I don’t like to say, “I live in Marin”. Marin has a reputation. To say, “I live in Marin” is to imply having money, land, Beemers, and possibly more money. I know that’s why they say it. You can almost hear beaming pride at being bourgeoisie. Where else do people talk about the county, not the city? In the past, I always looked for a highway exit for Marin, but never saw one.
When I first moved to Novato, the northernmost town in Marin County before changing to Sonoma County (which has its own reputation to foster, as everybody thinks they’re wine connoisseurs, based sheerly on the proximity of wineries), I refused to say Marin. Somehow, over the last two years of living here, I gave up. People thought I lived in Nevada.
Now that I will also be working in the same county, just down the road, I’m scared. I’m scared that I will become a typical Marinite? Mariner? Marinish? Marinian? I’m scared that I won’t see any homeless and will regain my naiveté when I go to San Francisco. I’m scared that I will stop hurrying out of the car at dusk, dead-bolting the house door behind me in reflex. I’m terrified that I will start wearing yoga pants, carrying designer mats in aesthetically designed eco-cotton carriers, and shop only at Whole Foods or Patagonia. I’m worried that I’ll never get to count guns shots on New Years Eve again to identify whether it’s a revolver or automatic with a 12-round magazine, while praying no bullets come through my windows or roof.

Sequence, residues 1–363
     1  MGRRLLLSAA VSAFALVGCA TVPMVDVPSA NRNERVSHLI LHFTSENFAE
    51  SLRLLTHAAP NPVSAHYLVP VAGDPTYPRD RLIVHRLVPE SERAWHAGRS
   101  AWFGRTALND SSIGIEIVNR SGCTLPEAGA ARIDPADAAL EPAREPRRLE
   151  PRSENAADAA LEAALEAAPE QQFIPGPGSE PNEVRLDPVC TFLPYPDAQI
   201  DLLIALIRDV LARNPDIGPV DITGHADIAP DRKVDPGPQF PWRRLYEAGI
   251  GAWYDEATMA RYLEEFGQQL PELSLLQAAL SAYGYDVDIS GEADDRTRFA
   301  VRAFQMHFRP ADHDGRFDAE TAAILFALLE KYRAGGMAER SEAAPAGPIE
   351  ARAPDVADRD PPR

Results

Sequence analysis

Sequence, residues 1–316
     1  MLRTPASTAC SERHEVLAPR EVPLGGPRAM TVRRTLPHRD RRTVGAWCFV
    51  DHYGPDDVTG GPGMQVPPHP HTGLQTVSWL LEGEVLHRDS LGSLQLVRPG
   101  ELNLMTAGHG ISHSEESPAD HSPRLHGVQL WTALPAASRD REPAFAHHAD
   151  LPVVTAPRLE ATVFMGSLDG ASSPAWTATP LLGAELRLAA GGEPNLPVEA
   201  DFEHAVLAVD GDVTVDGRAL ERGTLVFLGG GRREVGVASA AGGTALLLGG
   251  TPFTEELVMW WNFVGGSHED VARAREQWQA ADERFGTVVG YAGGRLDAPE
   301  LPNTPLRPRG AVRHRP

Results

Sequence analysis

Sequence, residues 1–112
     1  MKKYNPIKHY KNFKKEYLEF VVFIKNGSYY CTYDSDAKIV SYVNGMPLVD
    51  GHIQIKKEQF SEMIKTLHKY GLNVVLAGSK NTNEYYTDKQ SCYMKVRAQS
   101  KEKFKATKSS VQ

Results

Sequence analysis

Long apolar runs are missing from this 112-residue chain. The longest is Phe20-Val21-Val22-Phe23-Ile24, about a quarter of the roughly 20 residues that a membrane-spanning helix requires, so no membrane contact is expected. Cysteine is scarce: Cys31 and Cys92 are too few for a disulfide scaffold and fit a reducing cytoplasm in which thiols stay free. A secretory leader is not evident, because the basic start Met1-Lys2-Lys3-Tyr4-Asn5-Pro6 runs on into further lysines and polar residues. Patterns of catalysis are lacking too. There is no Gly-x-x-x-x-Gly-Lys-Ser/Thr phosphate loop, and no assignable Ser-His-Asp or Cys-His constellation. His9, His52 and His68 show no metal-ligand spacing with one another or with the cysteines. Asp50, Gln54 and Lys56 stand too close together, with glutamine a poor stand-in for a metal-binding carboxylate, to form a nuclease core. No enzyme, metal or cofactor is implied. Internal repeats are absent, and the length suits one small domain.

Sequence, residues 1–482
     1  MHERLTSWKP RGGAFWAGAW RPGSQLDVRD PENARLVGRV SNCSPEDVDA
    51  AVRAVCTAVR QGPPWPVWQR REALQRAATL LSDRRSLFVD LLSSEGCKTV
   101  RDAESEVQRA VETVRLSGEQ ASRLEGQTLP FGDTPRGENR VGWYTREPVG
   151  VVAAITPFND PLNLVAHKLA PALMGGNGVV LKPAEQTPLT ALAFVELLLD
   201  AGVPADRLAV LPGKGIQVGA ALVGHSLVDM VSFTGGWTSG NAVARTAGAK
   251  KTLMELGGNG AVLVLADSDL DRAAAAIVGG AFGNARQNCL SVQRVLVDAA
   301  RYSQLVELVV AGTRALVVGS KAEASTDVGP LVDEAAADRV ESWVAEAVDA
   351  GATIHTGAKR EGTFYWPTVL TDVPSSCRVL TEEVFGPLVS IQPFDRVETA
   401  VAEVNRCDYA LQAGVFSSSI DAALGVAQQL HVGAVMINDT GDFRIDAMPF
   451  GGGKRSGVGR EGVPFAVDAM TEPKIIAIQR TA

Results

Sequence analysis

There is solidarity in bonding all the little towns in Marin into one large costco-shopping super status, though each village radiates something special: Mill Valley elitism, so exclusive there’s nowhere to park (maybe they don’t want visitors); Corte Madera has the most uppity mall I’ve ever seen (uh, no…I don’t want to try on that $400 shirt. Not only because it’s a size 6 and you’d have to take it off the mannequin and you and I both already know it won’t fit me, but because its $400!); and Sausalito, with its multitudes of sailboats lining the bay every day sans fog. Let alone San Anselmo (hippie holdout) or Tiburon with its lack of crime and minorities.
Novato has its own reputation, as the backwoods, redneck cousin of Marin with its fair share of mobile home parks. One parent told me “it’s a good place to live, but you wouldn’t want to visit there”.
On my way home in a large, tan SUV with 3rd row seats, to the tucked away house in a small, small town, seemingly far, far north of San Francisco, I realized that I am already suburbia.
Woe is me.